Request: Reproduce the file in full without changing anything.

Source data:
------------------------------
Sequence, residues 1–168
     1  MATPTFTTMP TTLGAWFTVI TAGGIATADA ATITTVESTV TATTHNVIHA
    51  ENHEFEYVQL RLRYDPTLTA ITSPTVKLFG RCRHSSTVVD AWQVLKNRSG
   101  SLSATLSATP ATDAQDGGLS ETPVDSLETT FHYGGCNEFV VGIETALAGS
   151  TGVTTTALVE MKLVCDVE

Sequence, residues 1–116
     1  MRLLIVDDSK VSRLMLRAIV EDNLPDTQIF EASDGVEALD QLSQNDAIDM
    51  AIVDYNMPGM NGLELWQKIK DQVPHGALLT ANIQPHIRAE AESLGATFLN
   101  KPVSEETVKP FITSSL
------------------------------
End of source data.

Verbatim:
Sequence, residues 1–168
     1  MATPTFTTMP TTLGAWFTVI TAGGIATADA ATITTVESTV TATTHNVIHA
    51  ENHEFEYVQL RLRYDPTLTA ITSPTVKLFG RCRHSSTVVD AWQVLKNRSG
   101  SLSATLSATP ATDAQDGGLS ETPVDSLETT FHYGGCNEFV VGIETALAGS
   151  TGVTTTALVE MKLVCDVE

Sequence, residues 1–116
     1  MRLLIVDDSK VSRLMLRAIV EDNLPDTQIF EASDGVEALD QLSQNDAIDM
    51  AIVDYNMPGM NGLELWQKIK DQVPHGALLT ANIQPHIRAE AESLGATFLN
   101  KPVSEETVKP FITSSL